“First I will tell you the story that every Mothran knows,” Ipus began. “The First Story. It is said that in the light of the dawn, Mothran eyes did see a great shining and the world was green and the trees sung of tasty things. The light was bright, too bright for Mothran eyes, but the pain of seeing gave Mothran the first ideas. From the light came thought, and suffering. They fled from the light and found shade. The shade was nice but temporary as the small brothers came and ate the shade. Hope seemed lost and as the dawn became morning and then day the Mothran cried out. Their cries were heard. The day became evening, then dusk. When night came, the Mothran could see at last. And so the Mothran found their place by the Bunyill Tree. This is the First Story.”
“It’s not a very good one, is it?” Andoval asked, yawning.
“It is the First,” said Ipus.
“What else is there?” Andoval asked.
“There is the story of the Can Din.”
“The what?” Andoval asked.
“The Can Din. They were the first humans,” said Ipus. Andoval almost lost his monocle.
“The what? What do you mean? Are you referring to the first humans Mothran ever encountered?” Andoval asked.
“This is true, but it also the only humans to have non-before. There were no humans before these humans,” said Ipus. Andoval stared for a few seconds before remembering to close his mouth. This was blasphemy. Human beings were the oldest species on the planet. Everyone knew that.
“I’m afraid you must be mistaken. Perhaps it is the narrow view of the early Mothran that their first encounters with humans also constitutes the origin of humans,” Andoval reasoned.
“Perhaps it is your narrow view to think so,” Ipus replied. Andoval scoffed and quickly jotted down some notes to keep his calm.
“Insulting! An affront to reason!”
“I’m sorry you don’t like my answer.”
“Get to another story before I lose interest completely,” said Andoval.
“Very well. I will tell you the story of Last Times,” said Ipus.
“Last Times?” Andoval asked. An apocalyptic story, perhaps?
“Yes, Last Times. Every being in the world has a First Time. Every being also has a Last Time. Here are a few of the Last Times. Big Fin. Full Moon. Twenty Mothran ago. Tried to eat saw fin meal. Cut apart from inside. Red Flapper. Half Moon. Sixty Mothran ago. Flew to top of mountain peak on skinny tree with single pine cone. Dropped dead from exhaustion. Fat Shell. Pregnant Moon. Eight Hundred and Eighty Mothran ago. Got stuck in ravine. Starved after two and a half Mothran. Smelly Tickler. No Moon. Thirty Thousand Five Hundred and-”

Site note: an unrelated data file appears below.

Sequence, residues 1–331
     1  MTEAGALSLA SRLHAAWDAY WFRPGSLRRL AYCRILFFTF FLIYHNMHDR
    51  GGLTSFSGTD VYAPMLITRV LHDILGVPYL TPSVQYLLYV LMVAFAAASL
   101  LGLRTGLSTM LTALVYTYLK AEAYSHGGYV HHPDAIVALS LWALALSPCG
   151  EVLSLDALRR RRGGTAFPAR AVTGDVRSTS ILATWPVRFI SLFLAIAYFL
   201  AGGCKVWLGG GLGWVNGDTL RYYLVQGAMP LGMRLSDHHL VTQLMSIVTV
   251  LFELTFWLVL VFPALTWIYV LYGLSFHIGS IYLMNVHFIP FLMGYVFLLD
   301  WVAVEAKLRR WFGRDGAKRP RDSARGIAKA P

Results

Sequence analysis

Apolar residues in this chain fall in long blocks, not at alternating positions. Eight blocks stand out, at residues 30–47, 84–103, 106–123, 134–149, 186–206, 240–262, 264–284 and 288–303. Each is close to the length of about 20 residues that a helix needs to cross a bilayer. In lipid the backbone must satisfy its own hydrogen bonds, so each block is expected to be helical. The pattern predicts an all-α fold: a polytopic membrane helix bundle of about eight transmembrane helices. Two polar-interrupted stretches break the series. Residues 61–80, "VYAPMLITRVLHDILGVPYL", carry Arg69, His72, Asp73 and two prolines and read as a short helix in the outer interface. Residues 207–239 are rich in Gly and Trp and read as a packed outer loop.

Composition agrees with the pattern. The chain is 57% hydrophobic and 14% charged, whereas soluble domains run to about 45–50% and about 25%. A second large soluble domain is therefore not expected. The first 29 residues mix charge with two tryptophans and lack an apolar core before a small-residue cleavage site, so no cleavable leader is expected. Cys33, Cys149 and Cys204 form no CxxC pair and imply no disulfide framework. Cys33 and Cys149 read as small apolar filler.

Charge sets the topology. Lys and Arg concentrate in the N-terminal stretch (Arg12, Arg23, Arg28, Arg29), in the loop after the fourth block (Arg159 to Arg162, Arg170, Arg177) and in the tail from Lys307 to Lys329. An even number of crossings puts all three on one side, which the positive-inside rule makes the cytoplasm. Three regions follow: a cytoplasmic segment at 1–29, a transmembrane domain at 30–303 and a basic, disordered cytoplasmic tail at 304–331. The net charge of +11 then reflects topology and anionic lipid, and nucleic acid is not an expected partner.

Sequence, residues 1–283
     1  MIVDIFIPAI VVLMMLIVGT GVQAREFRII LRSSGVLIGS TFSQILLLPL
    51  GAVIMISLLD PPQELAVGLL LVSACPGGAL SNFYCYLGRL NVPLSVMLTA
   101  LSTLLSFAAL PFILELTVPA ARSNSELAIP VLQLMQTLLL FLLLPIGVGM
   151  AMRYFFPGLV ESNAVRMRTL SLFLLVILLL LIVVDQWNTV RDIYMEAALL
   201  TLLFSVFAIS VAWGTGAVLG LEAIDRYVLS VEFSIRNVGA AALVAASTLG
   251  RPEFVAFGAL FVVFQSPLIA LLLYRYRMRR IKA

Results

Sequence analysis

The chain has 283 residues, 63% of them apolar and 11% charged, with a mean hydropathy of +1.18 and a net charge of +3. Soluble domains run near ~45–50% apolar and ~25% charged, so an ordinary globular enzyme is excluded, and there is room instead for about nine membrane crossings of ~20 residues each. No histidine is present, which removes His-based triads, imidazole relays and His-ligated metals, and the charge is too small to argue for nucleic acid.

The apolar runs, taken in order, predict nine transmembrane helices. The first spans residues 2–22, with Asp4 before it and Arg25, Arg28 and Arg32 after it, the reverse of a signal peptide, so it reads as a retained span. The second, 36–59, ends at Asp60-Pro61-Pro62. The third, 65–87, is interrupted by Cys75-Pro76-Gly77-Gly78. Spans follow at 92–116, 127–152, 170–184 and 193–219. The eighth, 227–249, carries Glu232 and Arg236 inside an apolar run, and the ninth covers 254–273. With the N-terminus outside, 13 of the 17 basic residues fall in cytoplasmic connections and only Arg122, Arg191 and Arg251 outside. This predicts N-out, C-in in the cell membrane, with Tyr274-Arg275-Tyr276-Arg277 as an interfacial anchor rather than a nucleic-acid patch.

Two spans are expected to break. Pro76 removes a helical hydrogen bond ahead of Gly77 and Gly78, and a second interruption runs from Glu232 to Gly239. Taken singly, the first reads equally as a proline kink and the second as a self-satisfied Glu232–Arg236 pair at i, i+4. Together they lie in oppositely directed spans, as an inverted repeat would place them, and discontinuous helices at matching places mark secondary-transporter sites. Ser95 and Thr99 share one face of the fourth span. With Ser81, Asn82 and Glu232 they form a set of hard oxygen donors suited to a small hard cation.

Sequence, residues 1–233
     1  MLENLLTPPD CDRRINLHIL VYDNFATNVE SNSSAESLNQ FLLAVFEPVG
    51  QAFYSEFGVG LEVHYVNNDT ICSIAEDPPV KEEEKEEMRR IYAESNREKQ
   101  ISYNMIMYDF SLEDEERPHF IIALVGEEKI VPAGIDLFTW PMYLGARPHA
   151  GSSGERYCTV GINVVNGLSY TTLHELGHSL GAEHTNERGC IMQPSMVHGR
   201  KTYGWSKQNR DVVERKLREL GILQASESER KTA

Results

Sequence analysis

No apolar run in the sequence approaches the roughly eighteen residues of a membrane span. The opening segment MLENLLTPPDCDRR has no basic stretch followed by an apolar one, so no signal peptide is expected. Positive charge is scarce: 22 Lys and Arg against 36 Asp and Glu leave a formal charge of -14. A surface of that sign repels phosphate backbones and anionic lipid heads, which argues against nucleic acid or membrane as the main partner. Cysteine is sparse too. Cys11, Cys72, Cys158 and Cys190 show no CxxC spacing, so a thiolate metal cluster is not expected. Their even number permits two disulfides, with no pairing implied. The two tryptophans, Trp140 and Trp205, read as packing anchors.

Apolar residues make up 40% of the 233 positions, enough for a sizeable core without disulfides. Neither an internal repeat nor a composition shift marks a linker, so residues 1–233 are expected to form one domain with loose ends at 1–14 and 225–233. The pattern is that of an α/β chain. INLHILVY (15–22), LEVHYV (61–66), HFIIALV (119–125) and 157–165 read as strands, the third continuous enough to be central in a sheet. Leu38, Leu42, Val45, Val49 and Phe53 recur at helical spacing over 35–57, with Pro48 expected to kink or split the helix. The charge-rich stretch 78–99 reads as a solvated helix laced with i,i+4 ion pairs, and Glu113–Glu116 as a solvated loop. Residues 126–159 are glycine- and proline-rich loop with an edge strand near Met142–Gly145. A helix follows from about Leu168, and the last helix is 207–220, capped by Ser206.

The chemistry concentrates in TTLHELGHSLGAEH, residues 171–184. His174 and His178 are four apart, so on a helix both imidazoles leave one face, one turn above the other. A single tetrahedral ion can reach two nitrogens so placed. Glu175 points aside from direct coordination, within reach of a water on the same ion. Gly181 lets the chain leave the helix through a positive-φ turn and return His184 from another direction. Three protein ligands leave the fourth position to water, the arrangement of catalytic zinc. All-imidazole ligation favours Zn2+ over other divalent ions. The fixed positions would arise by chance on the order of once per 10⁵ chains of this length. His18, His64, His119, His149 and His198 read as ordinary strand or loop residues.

“Stop, slow down! What is all this? These aren’t stories. They are something else entirely. Records, bookkeeping, what have you. I don’t understand what these words are supposed to tell me,” said Andoval, writing as fast as he could to catch up.
“In our way speaking, a Mothran is the measure of a full Mothran life cycle. It is also a length of measurement and a weight depending on the context,” said Ipus.
“So confusing. How do you tell anything apart?”
“What about a full Mothran life cycle? How long is that?”
“One Mothran,” Ipus replied.
“No! I mean in standard measurement,” said Andoval.
“I do not know,” said Ipus.
“Well, how many days go by from when a Mothran is born to when it is dead?” asked Andoval.
“I do not know. It is always light here. We cannot see the moon, cannot tell when marks a night passing into day,” said Ipus.
Andoval said nothing. He felt that pang of pity from before. The Beast Keepers were wholly unconcerned with the Mothrans’ well-being, but more accurately the Ministry and the Queen were unconcerned. What mattered was that the beasts in the menagerie were well lit should a royal visitor ever come calling. Just as Ipus had said. Maybe he would have a chat with the Minister about this.
Andoval left early that day, whatever curiosity he’d had going in was dashed by the little Mothran’s strange tales. He spent the rest of the day in the records area, checking sources to see if anyone had ever recorded the length of a full Mothran life span. Unsurprisingly, there were none.
The generations in the enclosure were recorded as dying at various times from disease and therefore couldn’t be said to have lived a full lifespan. The beasts of the Royal Menagerie often had sharply shortened lives due to the conditions of the enclosures and the fact that many of their diets were poorly understood. Andoval had written his dissertation on the diets of the Royal Menagerie, but it proved quite unpopular and it left him a bit of an outcast in the Ministry. Oh well, he thought to himself. Such was life.
He dreamt that night. Dreamt of a thousand thousand Mothran occupying a vast forest. When he realized the scope of their number, they took off and flew into the sky, colorful membranous wings carrying their tiny bodies aloft. Ipus was there. He seemed to know that this was a dream and that Andoval had no conception of what he was seeing. The little Mothran chortled in its beastly tongue and took flight with the rest of his kind into the vast blue firmament.